We are at the midpoint of our Gap Year. Debbie has advised me to look ahead to 2014 using “three words.” I think she wants them to be inspirational. She wants me to reflect on the year thus far. After seven months of Gap Year indulgences, I am ready to give it a try. I understand it’s the cool thing to do in the blogosphere. The words I am choosing are write, experiment, and outrage.
During these last seven months my greatest satisfaction has been spending time writing and engaging with the community of extended summer people and year-rounders in small town Maine. Writing has become important to me. I am committed to writing this blog and to other writing projects (more about them later) in 2014.
Today we are back in DC and packing up our home in order to make a final decision. Should we 1. Trade (swap for a house in another country); 2. Rent (divide it into a house and a small apartment and rent one or the other); or 3. Sell. This decision is a biggy.
It represents a giant commitment in time and planning and it dictates the form our finances will take for the next year and beyond.
In February, during the cold Maine winter, we plan to visit Uganda where we will volunteer at a vocational school and explore the world of charity work. I do not expect to join Médecins Sans Frontières despite my heroic French linguistic “accomplishments.” I think I want to be closer to my family and grandchildren than such a commitment would allow.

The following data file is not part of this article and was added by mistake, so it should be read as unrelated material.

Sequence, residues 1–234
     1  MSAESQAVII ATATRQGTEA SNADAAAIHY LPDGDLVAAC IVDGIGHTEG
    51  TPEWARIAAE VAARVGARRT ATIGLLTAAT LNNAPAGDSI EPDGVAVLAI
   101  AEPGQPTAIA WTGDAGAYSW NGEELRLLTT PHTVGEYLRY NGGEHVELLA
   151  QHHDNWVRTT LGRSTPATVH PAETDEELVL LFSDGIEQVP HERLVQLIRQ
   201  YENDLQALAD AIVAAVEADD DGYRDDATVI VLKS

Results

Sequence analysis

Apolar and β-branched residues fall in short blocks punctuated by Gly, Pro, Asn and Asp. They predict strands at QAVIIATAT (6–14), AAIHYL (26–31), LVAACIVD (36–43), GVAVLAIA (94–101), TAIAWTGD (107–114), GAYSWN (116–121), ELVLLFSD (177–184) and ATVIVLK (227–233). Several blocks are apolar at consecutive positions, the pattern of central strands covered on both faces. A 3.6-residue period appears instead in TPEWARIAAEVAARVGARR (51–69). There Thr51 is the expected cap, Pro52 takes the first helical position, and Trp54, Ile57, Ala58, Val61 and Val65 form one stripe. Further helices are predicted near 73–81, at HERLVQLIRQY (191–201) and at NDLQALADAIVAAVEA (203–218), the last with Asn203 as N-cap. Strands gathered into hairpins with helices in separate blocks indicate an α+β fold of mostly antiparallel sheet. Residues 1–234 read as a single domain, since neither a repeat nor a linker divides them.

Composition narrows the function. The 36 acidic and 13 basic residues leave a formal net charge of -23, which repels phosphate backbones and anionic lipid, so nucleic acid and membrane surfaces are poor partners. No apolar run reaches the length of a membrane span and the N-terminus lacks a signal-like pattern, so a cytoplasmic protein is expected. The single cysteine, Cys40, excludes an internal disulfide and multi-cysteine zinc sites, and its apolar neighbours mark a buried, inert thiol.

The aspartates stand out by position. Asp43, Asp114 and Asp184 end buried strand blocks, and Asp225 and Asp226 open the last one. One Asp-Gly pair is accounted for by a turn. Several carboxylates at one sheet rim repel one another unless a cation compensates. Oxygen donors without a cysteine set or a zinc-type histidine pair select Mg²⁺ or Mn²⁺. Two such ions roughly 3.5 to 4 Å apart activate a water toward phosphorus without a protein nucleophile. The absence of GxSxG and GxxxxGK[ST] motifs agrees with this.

But I will look into other options for volunteering abroad. In addition, I will dabble at the interface of politics and health care delivery in Maine as I look for inspiration in public sector work.
So we will continue experimenting on several fronts.
By this evening, the close of 2013, I will have disconnected myself from my career in Northwest Washington DC. My resignation from the Board of Trustees of Sibley Hospital has been accepted. I am ambivalent about that but I feel freed from some constraint to toe the line. I have made my farewells. I have passed the baton to my successor, a young physician. I am now ready to comment purely as an observer and no longer as a participant.
In that regard I will be exploring my outrage at most, if not all, things medical.
I was raised in a family that kept its opinions (professional, political, personal) muted and held in check. Do the right thing at work, keep your head down, keep your thoughts to your self as much as possible were mantras passed down to us.
I am ready to be more expressive. Lord Melbourne noted that “A doctrinaire is a fool but an honest man.” Outrage happens. We need more of it.
Photo: surveying possibilities from a mountaintop in Acadia National Park.